Empowering Dreamer Student Success. Tools and Resources to Address the Financial Aid Opportunities and Challenges of undocumented Students. The Presenters. Laura Bohórquez , United We Dream Dream Educational Empowerment Program Coordinator. Gaby Baca, BCTC Latino Outreach Coordinator
Tools and Resources to Address the Financial Aid Opportunities and Challenges of undocumented Students
United We Dream
Dream Educational Empowerment Program Coordinator
BCTC Latino Outreach Coordinator
Kentucky Dream Coalition, Core Team Member
BCTC Latino Outreach Director
UWD Dream Educational Empowerment Program Leader
LPR: Legal Permanent Resident
TPSStatus 101: Definitions of common immigration status
DACA Statistics as of August 2013 for KY:
2,118 applications have been accepted from KY
1,633 individuals have been approved for DACA
For youth who:
Entered US before age 16
Must be under age 31
Lived in US since June 15, 2007
Graduated from high school, completed a GED or enrolled in school
Pass background check
Eligible for protection from deportation, access to work authorization, and considered lawfully present.Current Policy:Deferred Action for Childhood Arrivals (DACA)
It is not a law.
DACA recipients cannot get federal or state financial aid.
DACA is temporary (2 years) and may be renewed so long as the program is not eliminated.
In KY, DACA recipients can get a driver’s license*
Ineligible for Medicaid, CHIP, and ACA benefits.Understanding DACA
DREAM under Senate Bill “S.744” (passed on
DREAM under House Proposal “Kids Act”
Passed on June 27, 2013
No age gap
Five years to citizenship
Allows some deported Dreamer’s to return to U.S. on RPI status
Access to loans and work study
Dreamers not required to pay fines
Lenient expectation to higher Ed.
An undocumented student who graduates from a Kentucky high school can enroll at Kentucky colleges/universities as in-state residents for tuition purposes.
Undocumented students and DACA-mented students are not eligible for KEES, CAP or any other state financial aid.
They may be eligible for institutional scholarshipsAccess to higher education in KY
Source: Chuan-Ru Chen, A., Doctoral Candidate, UCLA Department of Education
Educate yourself and build your DREAM knowledge.
Educate your colleagues and your administration.
Be careful to not make assumptions about a student’s identity. Do not pry information or details from student. Let them open up to you in their own time.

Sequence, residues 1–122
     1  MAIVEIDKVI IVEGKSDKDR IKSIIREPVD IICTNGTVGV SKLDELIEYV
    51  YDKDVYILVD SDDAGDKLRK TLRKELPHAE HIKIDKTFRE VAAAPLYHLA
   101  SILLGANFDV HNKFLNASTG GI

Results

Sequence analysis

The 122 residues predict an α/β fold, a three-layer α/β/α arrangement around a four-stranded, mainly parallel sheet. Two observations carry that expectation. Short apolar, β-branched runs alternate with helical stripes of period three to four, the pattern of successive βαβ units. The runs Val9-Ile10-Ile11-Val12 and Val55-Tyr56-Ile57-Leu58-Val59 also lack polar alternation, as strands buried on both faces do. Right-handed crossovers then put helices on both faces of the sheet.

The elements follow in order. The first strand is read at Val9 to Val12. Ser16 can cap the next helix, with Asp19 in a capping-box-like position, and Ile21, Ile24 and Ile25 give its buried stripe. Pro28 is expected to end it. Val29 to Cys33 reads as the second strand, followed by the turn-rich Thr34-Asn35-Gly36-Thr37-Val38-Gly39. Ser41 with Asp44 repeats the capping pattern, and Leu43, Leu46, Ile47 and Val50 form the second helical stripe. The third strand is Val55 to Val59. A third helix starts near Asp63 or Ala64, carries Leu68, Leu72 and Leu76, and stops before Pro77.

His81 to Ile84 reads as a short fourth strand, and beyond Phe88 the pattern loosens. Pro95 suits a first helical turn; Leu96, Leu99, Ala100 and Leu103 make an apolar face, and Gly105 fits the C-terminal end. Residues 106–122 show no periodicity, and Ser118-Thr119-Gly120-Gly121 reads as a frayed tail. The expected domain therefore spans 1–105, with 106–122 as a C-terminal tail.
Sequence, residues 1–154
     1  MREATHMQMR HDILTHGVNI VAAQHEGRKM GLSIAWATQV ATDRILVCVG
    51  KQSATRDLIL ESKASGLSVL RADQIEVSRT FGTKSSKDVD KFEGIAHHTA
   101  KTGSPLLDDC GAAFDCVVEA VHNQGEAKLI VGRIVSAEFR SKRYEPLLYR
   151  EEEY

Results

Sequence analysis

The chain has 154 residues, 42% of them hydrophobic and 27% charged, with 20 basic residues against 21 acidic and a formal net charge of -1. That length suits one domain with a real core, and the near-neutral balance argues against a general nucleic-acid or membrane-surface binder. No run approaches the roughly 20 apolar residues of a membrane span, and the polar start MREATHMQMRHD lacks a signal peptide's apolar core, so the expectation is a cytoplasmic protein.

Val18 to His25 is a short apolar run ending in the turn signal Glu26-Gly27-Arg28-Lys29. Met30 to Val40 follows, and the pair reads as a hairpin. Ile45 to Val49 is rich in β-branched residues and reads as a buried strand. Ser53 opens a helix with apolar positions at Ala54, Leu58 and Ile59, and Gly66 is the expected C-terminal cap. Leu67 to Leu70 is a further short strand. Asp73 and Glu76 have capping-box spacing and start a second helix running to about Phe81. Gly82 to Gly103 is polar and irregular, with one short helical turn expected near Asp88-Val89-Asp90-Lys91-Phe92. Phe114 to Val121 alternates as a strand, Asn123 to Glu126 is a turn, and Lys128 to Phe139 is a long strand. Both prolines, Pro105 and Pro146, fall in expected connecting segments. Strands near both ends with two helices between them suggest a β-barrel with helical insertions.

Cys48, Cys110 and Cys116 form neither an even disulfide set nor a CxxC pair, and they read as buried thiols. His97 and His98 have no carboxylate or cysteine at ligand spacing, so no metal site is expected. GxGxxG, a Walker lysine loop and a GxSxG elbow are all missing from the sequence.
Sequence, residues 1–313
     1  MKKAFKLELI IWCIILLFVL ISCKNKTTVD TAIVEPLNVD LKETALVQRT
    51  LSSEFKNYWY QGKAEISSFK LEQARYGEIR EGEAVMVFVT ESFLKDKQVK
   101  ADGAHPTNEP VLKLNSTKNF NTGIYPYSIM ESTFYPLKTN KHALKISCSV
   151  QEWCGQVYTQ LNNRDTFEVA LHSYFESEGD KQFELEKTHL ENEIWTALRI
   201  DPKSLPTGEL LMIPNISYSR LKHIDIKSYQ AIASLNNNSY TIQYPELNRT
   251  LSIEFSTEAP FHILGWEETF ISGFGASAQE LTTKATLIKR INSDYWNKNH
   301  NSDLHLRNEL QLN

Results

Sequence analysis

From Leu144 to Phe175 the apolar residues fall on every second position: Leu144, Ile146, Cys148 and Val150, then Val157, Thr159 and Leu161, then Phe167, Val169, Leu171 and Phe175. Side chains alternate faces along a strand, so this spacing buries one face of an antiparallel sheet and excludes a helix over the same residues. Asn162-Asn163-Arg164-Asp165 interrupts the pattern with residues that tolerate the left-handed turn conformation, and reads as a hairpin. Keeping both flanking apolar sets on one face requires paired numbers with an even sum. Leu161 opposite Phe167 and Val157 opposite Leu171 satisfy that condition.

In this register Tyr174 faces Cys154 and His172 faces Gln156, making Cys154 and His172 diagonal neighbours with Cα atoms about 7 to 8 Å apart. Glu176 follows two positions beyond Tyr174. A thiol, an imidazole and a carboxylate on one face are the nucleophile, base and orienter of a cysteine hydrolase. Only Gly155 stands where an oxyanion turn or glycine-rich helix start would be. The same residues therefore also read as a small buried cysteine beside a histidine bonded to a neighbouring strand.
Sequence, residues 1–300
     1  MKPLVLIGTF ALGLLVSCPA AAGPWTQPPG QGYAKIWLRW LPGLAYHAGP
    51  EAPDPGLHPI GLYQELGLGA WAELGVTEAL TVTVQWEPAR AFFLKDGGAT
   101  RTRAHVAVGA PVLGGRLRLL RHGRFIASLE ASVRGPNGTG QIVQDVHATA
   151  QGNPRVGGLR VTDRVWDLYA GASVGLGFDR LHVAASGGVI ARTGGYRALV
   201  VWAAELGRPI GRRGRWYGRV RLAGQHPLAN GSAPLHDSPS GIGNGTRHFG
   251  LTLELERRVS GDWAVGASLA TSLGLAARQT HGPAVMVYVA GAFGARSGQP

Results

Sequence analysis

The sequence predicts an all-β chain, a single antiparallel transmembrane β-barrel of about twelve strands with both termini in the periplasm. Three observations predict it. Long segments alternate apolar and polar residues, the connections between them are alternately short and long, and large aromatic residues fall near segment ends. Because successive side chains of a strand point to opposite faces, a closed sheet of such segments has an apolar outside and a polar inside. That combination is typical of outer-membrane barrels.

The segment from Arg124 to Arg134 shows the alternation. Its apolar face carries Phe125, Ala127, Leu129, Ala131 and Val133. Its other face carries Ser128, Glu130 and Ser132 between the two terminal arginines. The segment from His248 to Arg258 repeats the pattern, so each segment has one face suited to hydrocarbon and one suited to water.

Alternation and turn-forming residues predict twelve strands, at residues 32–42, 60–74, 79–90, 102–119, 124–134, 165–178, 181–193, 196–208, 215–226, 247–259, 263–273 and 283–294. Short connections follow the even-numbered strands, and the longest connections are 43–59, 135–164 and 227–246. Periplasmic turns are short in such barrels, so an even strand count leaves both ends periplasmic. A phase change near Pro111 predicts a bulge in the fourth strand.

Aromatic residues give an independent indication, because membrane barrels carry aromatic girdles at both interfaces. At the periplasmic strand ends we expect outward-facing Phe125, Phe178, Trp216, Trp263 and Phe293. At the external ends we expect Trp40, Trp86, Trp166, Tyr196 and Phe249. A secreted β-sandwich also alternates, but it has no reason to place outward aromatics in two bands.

Form a network with other allies to share resources, ideas and resolve difficult conflicts/situations. Maintain an updated list of supportive contacts who are willing to supports students as educational or professional mentors.
Be trustworthy. A student’s story is not yours to share unless you get permission. If you do share a student’s story be respectful.
Have courage. Address those that spread misinformation and question policies and process that limit students.
Integrate DREAM friendly information, resources and speakers in your events, programming and services.
Maintain consistent office hours and create a system for youth and their families to be able to contact you in case of a crisis.
Connect to the local immigrant youth led or immigrant rights organization in your area.
Display art, posters, news articles, books, etc. in your office space.
Whenever possible, provide direct, authentic language access to parents
Consistency and trust
Frame educational pursuits as investments that provide opportunity for the student, family and their community
Make no assumptions about ethnicity, race, status, etc.
Be prepared to answer tough questions
Inform other high school educators of financial aid /higher education access opportunities
Raise awareness on campus.The Immigrant Friendly College Counselor
Overcoming feelings of hopelessness
Anxiety over deportation/ family separation
Financial stress and burden
Societal impact/internalized stereotypes
Fear of sharing status
Pressure of hiding (could be dependent of culture)
Depression and thought of suicide is far more common among undocumented youth than we think
Self hate self blame for status
Anger at the privileges that other people have
Placing limitations on self based on those of society
Citizen child of undocumented parent
Citizen child of undocumented parent
*Make sure student contacts financial aid office of school they plan to attend*
Dear Colleague Letters
Victims of human trafficking
Battered immigrants-qualified aliens & VAWA
DCL GEN-05-16 Q&A #5
Additional unsubsidized loan for parent who is not a U.S. citizen or permanent resident
2013-2014 Federal Student Aid Handbook
Volume 1 – Student Eligibility, Ch. 2, Citizenship
Extensive information on citizenship issues and resolution, including sample images of acceptable documentation
Application and Verification Guide, Ch. 4, P. 80, 83
Information on verifying income for non-filers, nonresident filers and foreign income
Other options to consider:
Explore payment plan options
Alternative fundraising ideas:
Living Out Loud is an anthology of writing from the Latino Outreach Leaders (LOL) of Lexington, Kentucky. These texts reflect the LOL students’ viewpoints of growing up Latino in the U.S. Southeast, a relatively new receiving area for Latin American immigrants. Their writings illustrate the complexities of voices writing from their lived experiences as los nuevosKentuckianos. Proceeds from sales fund scholarships for youth who cannot access financial aid.
Educators for Fair Consideration